Can You Use Live Streaming for Religious Services?

shutterstock_512333746When you think of live streaming video, Sunday church service may not necessarily be the first thing that comes to mind. More mainstream uses include the live broadcast of rubber bands being wrapped around a watermelon until it explodes, but you may be surprised to learn that religious services are one of the fastest growing institutions adapting to live video. Pew Research Center has found that one in five people in the country are already using the internet for observing and sharing faith-related content. What does this imply for churches, mosques, temples, and the like? Can live streaming be utilized for spiritual purposes?

In short, yes!

Many religious institutions are benefiting from the changing tides by taking advantage of the live streaming technology now available to them as a new method of reaching out to those who are otherwise unreachable. This is the most easily identifiable benefit: by going online, your message can reach millions of people and potential followers, no matter where in the world they are or what size your house of faith is. This ease of access also applies to followers who are simply unable to attend services, such as regular churchgoers who are away or the sick and elderly.

With a good video streaming service, there is usually the option to record your live content. This allows you to make your services or ceremonies available for viewing at any time as an on-demand video in addition to the option to rebroadcast or create DVDs. In doing so, this generates interest and opens the door for new members of the community to watch services online and get a feel for your institution on their own time without any stigmas attached.

Dedicated streaming services can aid in strengthening your relationship with your existing followers by allowing them to feel more connected to the larger community and in turn, to their faith. It can also make it easier for them to give back. Although you might usually do it during a service, fundraising for charity and bringing in donations for your place of worship online is simple with a paywall. In essence, live streaming services for religious institutions can pay off. Services such as Primcast understand that most houses of worship are relatively small in size and cannot afford a cable slot in the first place and consequently offer extremely affordable plans.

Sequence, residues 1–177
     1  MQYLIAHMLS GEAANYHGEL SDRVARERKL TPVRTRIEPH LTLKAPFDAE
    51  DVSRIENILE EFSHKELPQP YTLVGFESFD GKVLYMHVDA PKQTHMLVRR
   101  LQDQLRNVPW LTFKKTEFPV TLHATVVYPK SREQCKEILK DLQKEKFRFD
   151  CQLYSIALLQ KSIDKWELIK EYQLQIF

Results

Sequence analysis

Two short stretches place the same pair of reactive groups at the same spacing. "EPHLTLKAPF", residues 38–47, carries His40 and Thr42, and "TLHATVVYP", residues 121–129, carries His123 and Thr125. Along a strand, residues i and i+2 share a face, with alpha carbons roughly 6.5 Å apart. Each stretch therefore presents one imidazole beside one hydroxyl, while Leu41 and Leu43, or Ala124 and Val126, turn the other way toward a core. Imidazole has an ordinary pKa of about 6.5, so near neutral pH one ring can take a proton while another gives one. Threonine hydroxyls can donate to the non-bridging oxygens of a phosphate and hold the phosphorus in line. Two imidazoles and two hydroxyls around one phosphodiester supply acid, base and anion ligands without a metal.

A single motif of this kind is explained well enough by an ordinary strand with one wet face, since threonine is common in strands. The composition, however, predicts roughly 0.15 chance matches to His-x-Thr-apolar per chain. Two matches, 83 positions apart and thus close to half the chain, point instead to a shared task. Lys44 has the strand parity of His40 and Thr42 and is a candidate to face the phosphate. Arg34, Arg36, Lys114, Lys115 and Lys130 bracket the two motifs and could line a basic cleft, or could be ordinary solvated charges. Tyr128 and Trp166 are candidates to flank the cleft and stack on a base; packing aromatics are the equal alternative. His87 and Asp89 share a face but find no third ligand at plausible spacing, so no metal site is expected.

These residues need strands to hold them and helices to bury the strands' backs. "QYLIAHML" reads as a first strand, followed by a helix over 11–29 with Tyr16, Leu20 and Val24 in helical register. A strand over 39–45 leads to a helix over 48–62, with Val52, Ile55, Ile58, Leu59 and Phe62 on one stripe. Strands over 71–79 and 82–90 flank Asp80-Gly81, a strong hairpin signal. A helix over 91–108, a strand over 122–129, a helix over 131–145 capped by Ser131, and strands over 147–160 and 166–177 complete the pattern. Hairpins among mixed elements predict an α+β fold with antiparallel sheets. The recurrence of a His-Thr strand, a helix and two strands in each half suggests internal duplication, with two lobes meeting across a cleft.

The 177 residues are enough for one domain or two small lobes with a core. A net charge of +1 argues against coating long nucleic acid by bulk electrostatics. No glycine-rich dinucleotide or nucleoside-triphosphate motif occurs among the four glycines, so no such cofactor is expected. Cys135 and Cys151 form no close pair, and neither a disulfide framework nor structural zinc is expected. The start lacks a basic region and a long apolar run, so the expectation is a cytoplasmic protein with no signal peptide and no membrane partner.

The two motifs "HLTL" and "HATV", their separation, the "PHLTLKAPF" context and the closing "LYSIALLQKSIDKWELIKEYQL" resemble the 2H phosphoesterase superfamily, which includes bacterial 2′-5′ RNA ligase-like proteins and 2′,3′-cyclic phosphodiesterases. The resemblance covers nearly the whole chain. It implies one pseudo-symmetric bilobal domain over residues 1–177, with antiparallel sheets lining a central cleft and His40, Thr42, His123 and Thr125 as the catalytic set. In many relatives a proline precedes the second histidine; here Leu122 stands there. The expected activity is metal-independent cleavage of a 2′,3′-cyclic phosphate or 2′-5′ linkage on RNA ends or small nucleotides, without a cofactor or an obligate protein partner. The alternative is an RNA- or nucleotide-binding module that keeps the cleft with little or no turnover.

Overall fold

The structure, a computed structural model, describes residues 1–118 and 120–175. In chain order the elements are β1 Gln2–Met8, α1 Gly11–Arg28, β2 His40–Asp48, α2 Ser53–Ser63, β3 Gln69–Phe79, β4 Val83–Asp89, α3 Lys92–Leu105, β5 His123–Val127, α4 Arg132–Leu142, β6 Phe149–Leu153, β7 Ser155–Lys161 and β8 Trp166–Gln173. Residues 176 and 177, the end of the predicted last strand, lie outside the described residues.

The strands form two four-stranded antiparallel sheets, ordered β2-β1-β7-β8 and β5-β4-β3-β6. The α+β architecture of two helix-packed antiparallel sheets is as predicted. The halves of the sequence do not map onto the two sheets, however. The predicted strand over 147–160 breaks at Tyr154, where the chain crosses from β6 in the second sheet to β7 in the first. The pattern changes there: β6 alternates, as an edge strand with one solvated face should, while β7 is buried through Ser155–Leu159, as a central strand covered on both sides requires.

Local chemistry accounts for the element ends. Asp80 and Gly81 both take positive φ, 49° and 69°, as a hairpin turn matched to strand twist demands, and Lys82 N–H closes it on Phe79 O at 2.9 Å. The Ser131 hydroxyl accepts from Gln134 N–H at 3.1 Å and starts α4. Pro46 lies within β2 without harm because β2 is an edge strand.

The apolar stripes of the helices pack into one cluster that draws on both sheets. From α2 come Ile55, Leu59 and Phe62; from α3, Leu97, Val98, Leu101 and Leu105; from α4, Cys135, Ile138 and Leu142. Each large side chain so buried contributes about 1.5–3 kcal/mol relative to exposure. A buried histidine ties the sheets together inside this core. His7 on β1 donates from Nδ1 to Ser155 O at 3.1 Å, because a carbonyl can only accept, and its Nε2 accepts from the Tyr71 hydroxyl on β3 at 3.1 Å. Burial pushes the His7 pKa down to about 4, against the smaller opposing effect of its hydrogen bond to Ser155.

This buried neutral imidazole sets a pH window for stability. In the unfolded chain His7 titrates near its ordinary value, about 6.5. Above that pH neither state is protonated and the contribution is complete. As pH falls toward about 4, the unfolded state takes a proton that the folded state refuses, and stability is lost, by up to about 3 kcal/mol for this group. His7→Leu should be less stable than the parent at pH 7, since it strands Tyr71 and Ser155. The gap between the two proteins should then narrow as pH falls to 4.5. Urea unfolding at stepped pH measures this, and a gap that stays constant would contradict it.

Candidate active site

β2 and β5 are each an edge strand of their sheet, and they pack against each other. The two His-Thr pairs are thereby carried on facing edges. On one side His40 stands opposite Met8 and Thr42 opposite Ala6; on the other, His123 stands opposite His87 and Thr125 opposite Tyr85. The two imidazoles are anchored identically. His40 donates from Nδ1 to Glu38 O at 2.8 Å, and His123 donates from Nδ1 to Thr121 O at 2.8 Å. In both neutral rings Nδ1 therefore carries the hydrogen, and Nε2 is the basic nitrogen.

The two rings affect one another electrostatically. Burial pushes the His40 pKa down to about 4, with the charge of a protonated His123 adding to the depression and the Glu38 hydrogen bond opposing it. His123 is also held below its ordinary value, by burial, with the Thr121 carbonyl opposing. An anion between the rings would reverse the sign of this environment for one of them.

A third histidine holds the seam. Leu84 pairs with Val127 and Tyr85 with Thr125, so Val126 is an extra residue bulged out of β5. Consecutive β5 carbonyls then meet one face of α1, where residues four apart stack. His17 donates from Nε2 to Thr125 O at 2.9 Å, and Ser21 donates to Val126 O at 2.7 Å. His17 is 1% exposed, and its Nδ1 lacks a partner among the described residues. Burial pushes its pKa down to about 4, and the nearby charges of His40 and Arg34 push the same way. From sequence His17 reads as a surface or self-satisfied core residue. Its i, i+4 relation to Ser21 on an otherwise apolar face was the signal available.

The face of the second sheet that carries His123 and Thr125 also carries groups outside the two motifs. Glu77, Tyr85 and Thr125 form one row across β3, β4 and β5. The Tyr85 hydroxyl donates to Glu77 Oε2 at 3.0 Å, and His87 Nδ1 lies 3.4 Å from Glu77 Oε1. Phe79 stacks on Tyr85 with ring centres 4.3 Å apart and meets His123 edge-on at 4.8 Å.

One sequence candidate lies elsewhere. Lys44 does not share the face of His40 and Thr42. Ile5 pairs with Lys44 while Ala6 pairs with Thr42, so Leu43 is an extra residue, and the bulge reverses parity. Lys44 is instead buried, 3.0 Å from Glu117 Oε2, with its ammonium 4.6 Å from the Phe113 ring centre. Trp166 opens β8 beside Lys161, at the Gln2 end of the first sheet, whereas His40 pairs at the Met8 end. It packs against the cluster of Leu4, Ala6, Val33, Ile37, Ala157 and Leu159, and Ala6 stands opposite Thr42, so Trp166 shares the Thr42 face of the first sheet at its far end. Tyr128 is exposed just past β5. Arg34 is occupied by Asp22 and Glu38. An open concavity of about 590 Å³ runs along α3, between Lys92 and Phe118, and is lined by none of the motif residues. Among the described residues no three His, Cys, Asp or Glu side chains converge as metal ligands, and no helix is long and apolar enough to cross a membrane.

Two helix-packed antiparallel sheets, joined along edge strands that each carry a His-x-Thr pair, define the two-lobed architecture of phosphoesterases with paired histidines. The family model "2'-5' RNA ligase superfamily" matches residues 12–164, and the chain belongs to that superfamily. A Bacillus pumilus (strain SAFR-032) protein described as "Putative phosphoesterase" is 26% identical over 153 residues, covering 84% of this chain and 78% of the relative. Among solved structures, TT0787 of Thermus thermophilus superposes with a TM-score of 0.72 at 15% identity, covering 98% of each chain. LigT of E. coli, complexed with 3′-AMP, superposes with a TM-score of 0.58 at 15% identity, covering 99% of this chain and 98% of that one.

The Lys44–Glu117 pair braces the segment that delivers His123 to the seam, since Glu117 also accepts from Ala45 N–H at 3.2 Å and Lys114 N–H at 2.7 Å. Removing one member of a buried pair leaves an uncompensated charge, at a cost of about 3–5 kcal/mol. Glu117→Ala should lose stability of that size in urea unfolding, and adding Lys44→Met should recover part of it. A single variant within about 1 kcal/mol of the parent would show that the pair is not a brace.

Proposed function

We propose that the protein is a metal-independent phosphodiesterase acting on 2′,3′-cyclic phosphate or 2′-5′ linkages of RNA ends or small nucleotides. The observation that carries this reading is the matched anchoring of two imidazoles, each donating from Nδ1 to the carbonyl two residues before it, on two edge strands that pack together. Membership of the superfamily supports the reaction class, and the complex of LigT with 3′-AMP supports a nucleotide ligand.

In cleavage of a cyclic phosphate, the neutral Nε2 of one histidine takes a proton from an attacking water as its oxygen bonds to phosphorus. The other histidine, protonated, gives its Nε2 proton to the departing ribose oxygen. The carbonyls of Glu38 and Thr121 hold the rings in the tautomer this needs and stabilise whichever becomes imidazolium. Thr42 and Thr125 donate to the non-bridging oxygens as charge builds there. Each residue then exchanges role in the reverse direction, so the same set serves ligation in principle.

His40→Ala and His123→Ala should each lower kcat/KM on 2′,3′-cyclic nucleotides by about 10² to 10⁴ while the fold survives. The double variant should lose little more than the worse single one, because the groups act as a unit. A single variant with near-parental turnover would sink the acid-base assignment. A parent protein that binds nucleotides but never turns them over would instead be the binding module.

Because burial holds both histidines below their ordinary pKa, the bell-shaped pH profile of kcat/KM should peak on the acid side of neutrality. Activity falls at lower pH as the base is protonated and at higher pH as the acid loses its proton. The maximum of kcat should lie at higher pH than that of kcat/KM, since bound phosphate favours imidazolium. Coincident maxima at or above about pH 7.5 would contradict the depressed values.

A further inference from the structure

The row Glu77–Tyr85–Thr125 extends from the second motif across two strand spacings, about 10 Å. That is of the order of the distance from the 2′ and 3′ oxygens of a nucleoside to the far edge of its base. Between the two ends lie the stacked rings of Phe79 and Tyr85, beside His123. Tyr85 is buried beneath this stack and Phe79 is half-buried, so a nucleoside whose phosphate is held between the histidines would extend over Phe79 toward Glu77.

And then there is the advent of special events that are typically held in houses of worship. We’ve discussed weddings, but what about funerals? There’s ‘til death do us part—and then what? A growing number of family members and friends of the deceased have participated in the live streaming of funeral proceedings. Relatives who can’t be there in person to mourn—or celebrate life, as one might look at it—can grieve from afar, while still (in a way) being a part of the ceremony. Call it a deadly compromise.

Imagine being able to access a funeral the way you’d access pay-per-view. Family and friends usually receive a password and are able to view the live stream from wherever they are. While this may seem impersonal, it’s beneficial to some in the same way live church services are—when they they simply cannot attend an important service due to distance or disability, but still want to participate. It is especially useful for those whose faiths require an immediate or quick burial, such as the Jewish or Muslim.

A New Zealand-based service called One Room started providing funeral live streaming services in 2012. Today, they claim to stream over 1000 funerals a year, with 25,000 people having watched funeral streams across 68 countries. As with a lot of developments in tech, there are major criticisms on the implications of these developments on greater society and culture. Some worry that the ability to live stream such services will make even those who are able to physically attend, skip out. But streaming technology was not necessarily developed to be a replacement for real life experiences. we must remember that nothing can replace giving a speech at your best friend’s wedding or being able to properly say goodbye to a loved one.